Following the ruling by a High Court judge that the Health Secretary, Matt Hancock, acted unlawfully for failing to comply with transparency policy, the government is all out of excuses for its coverup of the outsourcing scandal.
The judgement that the government failed to publish multibillion-pound Covid-19 contracts within the 30-day period required by law came after a judicial review was brought by the Good Law Project. This lack of transparency in the awarding of contracts is just one part of a much deeper scandal that goes to the heart of how we organise our economy, and who benefits.
Over the last six months we’ve heard countless stories of cronyism, in which firms with close links to the Conservative Party have been awarded government contracts, without competition, transparency, or accountability. We now know the government created a ‘VIP lane’ so that contacts of senior politicians and advisors could be fast-tracked for contracts.
The government’s refusal to come clean about which companies were awarded contracts through the VIP lane and how the decisions were made means we don’t yet know the full extent of this scandal. A recent poll has found that 59 percent of voters think the government’s ‘high priority’ lane for friends and associates is corrupt, with only 16 percent thinking it’s not. A full public inquiry is imperative so that all the details are brought to light.
The Green Paper
The government recently published a Green Paper on public procurement that sets out some substantial reforms to the UK’s system for awarding government contracts.
These proposals come in the wake of a report by the National Audit Office into government procurement during the Covid-19 pandemic, which exposed conflicts of interest, a lack of proper checks in the awarding of contracts, and significant waste of public money.
Some of the proposals in their Green Paper are to be welcomed. A commitment to ‘transparency by default’ throughout the contracting process, a new debarment regime, a unit to oversee procurement, and the exclusion of bidders who don’t declare their beneficiary owners would all go some way in clamping down on cronyism.
It is unlikely the government would’ve put these proposals forward if it wasn’t for the dedicated work of campaigners and investigative journalists who have shone a light on this issue.
The UK Anti-Corruption Coalition has made a number of useful suggestions for how the government can ensure the proposals are implemented effectively. Politicians and campaigners must hold the government’s feet to the fire over the coming months to ensure they follow through with the proposals.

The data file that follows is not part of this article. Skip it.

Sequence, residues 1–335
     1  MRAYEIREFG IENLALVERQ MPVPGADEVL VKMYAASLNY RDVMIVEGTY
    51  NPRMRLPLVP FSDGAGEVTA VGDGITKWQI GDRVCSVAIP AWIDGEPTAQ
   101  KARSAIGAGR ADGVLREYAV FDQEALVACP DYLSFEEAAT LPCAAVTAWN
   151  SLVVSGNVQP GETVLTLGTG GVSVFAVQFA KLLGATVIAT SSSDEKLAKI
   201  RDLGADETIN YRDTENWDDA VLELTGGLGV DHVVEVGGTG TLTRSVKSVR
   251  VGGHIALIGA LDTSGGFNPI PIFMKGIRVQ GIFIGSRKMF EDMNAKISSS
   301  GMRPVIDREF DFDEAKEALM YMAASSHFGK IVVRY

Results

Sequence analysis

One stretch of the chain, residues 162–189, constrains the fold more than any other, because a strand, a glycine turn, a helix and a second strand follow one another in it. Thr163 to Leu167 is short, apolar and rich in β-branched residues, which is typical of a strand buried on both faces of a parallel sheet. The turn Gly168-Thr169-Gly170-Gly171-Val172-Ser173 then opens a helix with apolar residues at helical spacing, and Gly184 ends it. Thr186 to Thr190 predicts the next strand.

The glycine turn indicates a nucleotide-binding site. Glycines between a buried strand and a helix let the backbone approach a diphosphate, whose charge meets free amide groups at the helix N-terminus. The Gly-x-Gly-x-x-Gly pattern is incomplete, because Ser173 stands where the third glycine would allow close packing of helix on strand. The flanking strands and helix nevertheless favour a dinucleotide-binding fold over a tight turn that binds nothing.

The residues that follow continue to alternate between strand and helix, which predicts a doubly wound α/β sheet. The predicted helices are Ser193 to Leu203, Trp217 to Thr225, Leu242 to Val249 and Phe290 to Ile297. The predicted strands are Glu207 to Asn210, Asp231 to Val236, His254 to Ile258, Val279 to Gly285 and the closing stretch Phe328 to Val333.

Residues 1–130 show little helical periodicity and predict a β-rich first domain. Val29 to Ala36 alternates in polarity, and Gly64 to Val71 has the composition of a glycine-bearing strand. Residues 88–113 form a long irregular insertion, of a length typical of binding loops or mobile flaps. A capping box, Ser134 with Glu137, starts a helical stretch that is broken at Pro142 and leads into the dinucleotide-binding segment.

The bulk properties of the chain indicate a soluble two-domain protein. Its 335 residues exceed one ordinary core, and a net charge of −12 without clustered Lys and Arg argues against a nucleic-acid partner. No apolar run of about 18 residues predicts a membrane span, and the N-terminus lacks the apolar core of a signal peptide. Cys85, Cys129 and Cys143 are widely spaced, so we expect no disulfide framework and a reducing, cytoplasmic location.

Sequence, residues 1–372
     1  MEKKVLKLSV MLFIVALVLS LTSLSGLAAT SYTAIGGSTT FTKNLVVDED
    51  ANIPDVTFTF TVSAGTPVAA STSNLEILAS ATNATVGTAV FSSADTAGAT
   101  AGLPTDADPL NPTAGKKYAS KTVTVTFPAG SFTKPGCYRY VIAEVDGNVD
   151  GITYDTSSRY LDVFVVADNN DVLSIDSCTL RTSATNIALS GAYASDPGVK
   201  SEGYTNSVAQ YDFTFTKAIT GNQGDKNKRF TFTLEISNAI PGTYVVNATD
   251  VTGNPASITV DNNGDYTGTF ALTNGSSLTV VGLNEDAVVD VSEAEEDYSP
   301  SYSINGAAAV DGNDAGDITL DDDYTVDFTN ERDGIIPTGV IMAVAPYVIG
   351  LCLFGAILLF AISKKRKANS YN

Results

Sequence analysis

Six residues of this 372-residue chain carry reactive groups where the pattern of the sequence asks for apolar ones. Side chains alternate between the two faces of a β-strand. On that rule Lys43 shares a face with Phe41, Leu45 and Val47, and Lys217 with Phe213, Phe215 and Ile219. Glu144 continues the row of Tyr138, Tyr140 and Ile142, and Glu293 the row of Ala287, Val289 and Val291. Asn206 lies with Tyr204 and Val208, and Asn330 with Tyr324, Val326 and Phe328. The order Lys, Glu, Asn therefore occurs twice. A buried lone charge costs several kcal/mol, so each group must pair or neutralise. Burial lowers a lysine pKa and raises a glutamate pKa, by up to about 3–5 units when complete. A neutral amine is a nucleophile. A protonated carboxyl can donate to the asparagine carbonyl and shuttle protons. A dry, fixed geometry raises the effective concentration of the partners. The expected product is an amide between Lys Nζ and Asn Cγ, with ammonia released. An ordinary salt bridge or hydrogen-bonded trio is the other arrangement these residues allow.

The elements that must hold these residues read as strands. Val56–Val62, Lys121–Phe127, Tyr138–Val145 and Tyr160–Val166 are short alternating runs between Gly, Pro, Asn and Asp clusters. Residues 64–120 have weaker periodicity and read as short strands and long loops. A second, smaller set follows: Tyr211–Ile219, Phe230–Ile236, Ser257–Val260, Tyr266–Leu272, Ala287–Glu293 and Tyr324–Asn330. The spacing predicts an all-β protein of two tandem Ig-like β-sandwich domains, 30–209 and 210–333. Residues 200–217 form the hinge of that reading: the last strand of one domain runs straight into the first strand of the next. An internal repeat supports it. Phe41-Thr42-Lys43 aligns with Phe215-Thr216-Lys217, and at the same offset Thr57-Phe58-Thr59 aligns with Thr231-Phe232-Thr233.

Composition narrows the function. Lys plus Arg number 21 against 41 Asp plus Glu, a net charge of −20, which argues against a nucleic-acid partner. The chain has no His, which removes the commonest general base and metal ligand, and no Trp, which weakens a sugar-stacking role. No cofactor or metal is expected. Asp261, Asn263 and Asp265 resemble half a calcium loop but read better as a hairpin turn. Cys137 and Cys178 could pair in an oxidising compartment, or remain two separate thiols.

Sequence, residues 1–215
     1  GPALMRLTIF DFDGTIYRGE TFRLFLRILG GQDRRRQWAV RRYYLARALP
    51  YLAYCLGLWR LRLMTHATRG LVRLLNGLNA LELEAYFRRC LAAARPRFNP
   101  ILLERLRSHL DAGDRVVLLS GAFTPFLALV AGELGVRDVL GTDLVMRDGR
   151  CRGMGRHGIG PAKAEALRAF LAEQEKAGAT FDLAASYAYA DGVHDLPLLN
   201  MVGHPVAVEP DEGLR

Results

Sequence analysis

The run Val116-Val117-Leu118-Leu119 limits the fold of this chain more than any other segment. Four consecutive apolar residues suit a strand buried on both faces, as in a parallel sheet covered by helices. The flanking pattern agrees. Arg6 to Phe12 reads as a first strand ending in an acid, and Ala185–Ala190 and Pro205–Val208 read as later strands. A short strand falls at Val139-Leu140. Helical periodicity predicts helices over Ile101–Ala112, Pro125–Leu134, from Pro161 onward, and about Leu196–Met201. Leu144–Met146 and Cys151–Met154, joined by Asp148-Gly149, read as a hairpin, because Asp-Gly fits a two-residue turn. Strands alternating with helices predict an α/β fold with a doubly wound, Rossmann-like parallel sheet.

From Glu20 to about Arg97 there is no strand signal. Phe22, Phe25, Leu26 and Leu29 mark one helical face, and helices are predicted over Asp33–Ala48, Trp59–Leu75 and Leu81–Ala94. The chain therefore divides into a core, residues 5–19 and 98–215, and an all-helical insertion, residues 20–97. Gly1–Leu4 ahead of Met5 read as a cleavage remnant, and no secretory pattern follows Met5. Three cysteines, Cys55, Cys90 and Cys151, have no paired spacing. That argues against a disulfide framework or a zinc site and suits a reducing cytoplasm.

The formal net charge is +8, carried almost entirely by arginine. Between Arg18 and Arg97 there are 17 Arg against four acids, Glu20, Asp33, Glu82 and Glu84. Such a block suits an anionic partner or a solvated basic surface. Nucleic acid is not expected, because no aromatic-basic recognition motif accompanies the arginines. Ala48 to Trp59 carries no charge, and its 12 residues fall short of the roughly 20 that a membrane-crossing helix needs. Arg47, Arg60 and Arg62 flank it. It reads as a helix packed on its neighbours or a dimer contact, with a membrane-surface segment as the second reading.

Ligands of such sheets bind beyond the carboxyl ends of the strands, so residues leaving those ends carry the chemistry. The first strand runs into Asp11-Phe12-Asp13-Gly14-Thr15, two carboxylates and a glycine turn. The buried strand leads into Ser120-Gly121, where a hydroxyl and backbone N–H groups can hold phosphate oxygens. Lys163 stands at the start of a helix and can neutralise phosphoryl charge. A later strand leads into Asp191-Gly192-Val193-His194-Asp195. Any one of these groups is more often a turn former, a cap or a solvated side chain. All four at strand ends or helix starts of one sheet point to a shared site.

On the Labour benches we should also be pushing the government to include further measures aimed at increasing workers’ rights, environmental standards, and tax compliance. For example, companies who fail to recognise trade unions, who contribute to high levels of pollution, or who game the system to avoid paying their fair share of tax should not be awarded public contracts. These companies rely on public money, and that should come with clear social responsibilities.
But even if the government delivers on their proposed reforms, fundamental problems will still remain with the whole system of government procurement, particularly in regard to services. The problems go a lot deeper than cronyism.
The Outsourcing Problem
Over the last four decades, we’ve seen the gradual extension of outsourcing to the private sector throughout all areas of government. The Thatcherite ideological dogma that private sector competition was the most effective way of delivering public services took hold. The law has been sculpted by successive governments to induce outsourcing, particularly in local government where there was considerable resistance.
The effects of this failed experiment are everywhere to see. Across the country there’s been widespread performance failures by private contractors. The collapse of Carillion in 2018 is just one high-profile example of the failure of giant outsourcing companies to deliver. Most local authorities will have their own stories of scandals and mismanagement.
Companies bidding for contracts will compete for who can offer the lowest price. By nature, they are incentivised to reduce costs in order to maximise their profit margins. This leads to the cutting of corners in service provision and a race to the bottom in workers’ pay and conditions, which drives down standards and contributes to increased in-work poverty.
It creates a false economy: savings to the taxpayer are picked up as costs in other areas due to a lower tax base, increased demand for social security, and the greater care and health burden that comes with higher levels of deprivation.